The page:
Based on RF communication, GPS devices communicates with satellites to determine their location via trilateration. Besides vehicle navigation, if there were ever an application that would benefit from GPS technology, it would marine travel.
GPS trilateration. Image used courtesy of Collective Equity
In the middle of the ocean, knowing a submarine’s location is absolutely essential. Unfortunately, conventional GPS does not work underwater and alternatives are power-hungry. Now, researchers at MIT may have come up with a solution, offering underwater localization without the need for large amounts of power.
Problems With GPS Underwater
GPS relies on RF communication, which refers to the transmission and reception of EM waves. While RF works just fine in the air, seawater presents a unique challenge because it is a highly conductive medium. The conductive nature of the water means that the medium offers high absorption and subsequently high attenuation, making it completely unfeasible for RF communication.
EM attenuation underwater vs. in air. Image used courtesy of Daegli Park et al.
Instead, acoustics signals are by far the preferred choice for underwater wireless communication and localization. Since sound waves are not EM waves, they don’t suffer from the same high underwater attenuation as RF communication.
Furthermore, particles in water are much more closely packed together than those in air, actually meaning that sound can travel faster in water than air. The caveat to this is that there must be a larger amount of initial energy to start the vibrations.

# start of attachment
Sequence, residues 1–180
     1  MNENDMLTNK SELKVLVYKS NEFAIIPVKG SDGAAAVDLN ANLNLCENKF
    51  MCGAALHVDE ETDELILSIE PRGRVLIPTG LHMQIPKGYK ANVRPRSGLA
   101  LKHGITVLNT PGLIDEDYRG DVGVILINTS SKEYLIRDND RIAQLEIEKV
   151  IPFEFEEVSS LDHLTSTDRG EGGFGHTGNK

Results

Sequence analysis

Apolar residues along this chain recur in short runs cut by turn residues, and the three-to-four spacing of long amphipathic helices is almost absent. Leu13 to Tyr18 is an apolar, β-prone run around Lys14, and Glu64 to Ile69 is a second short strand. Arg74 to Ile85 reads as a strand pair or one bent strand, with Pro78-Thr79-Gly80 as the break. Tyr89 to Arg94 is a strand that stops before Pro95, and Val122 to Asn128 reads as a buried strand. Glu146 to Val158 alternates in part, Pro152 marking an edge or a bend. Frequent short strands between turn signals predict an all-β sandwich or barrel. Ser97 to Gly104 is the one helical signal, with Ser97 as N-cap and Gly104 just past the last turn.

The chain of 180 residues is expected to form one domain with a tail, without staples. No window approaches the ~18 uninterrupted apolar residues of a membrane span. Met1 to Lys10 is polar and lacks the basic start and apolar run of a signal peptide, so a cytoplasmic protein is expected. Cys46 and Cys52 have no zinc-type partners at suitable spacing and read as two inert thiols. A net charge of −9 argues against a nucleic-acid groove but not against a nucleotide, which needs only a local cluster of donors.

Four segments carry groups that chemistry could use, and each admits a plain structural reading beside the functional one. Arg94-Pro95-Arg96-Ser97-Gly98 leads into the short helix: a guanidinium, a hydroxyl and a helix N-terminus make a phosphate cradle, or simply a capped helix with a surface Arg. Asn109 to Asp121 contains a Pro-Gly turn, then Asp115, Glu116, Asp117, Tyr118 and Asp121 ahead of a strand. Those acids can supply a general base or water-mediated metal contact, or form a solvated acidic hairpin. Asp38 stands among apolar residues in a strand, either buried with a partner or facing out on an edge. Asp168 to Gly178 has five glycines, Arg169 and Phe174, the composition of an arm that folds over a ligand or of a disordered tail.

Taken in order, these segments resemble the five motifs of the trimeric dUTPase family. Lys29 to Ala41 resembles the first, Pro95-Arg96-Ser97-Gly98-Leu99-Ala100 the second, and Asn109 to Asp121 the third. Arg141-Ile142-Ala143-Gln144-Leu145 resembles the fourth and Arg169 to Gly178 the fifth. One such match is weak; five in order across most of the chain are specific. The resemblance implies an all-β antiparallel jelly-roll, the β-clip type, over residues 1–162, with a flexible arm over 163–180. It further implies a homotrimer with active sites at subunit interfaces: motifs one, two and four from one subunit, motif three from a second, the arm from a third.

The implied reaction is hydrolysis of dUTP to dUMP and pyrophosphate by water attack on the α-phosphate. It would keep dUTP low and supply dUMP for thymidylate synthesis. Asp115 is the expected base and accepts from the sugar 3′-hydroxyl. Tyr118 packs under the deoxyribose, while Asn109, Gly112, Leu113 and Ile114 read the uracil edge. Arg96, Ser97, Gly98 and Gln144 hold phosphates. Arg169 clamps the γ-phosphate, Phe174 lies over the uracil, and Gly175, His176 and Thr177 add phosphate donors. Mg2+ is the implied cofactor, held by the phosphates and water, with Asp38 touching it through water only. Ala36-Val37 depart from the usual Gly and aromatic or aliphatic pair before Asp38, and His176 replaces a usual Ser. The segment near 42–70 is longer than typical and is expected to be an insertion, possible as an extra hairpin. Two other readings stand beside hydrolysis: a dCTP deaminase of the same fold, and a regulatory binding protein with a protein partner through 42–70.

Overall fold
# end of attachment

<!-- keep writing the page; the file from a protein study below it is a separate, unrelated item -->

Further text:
MIT Moves Toward Battery-Free Underwater Communication
One of the major concerns of an underwater GPS is acoustic communication because it requires a large amount of power and replacing or recharging batteries in a submarine may not be entirely practical. In an attempt to address this problem, researchers at MIT have announced a new technique that they claim is a step towards battery-free underwater communication.
The working principle of the new technique called underwater backscatter localization (UBL) is that instead of emitting its own acoustic signals, it reflects modulated signals from its environment.
Photograph of the battery-free sensor housed in a polymer capsule to be submerged in the Charles River. Image used courtesy of Reza Ghaffarivardavagh
The technique uses piezoelectric material to generate charge as a result of its interaction with environmental acoustics. Then the material uses that charge to selectively reflect some soundwaves back into the environment.
A receiver translates that sequence of reflections, called backscatter, into a binary string where “1” represents acoustic signals being reflected, and “0” represents acoustic signals not reflected. The technique can relay information about the environment, perform localization using a time-of-flight clocking technique, and even track objects underwater.
Learn More About Advances in GPS
The researchers at MIT hope UBL can help fuel a boom in ocean exploration. The idea is that one day, UBL can help autonomous vehicles stay on a grid underwater without expending precious battery power.
Learn more about the history of GPS and modern advances from other All About Circuits articles below.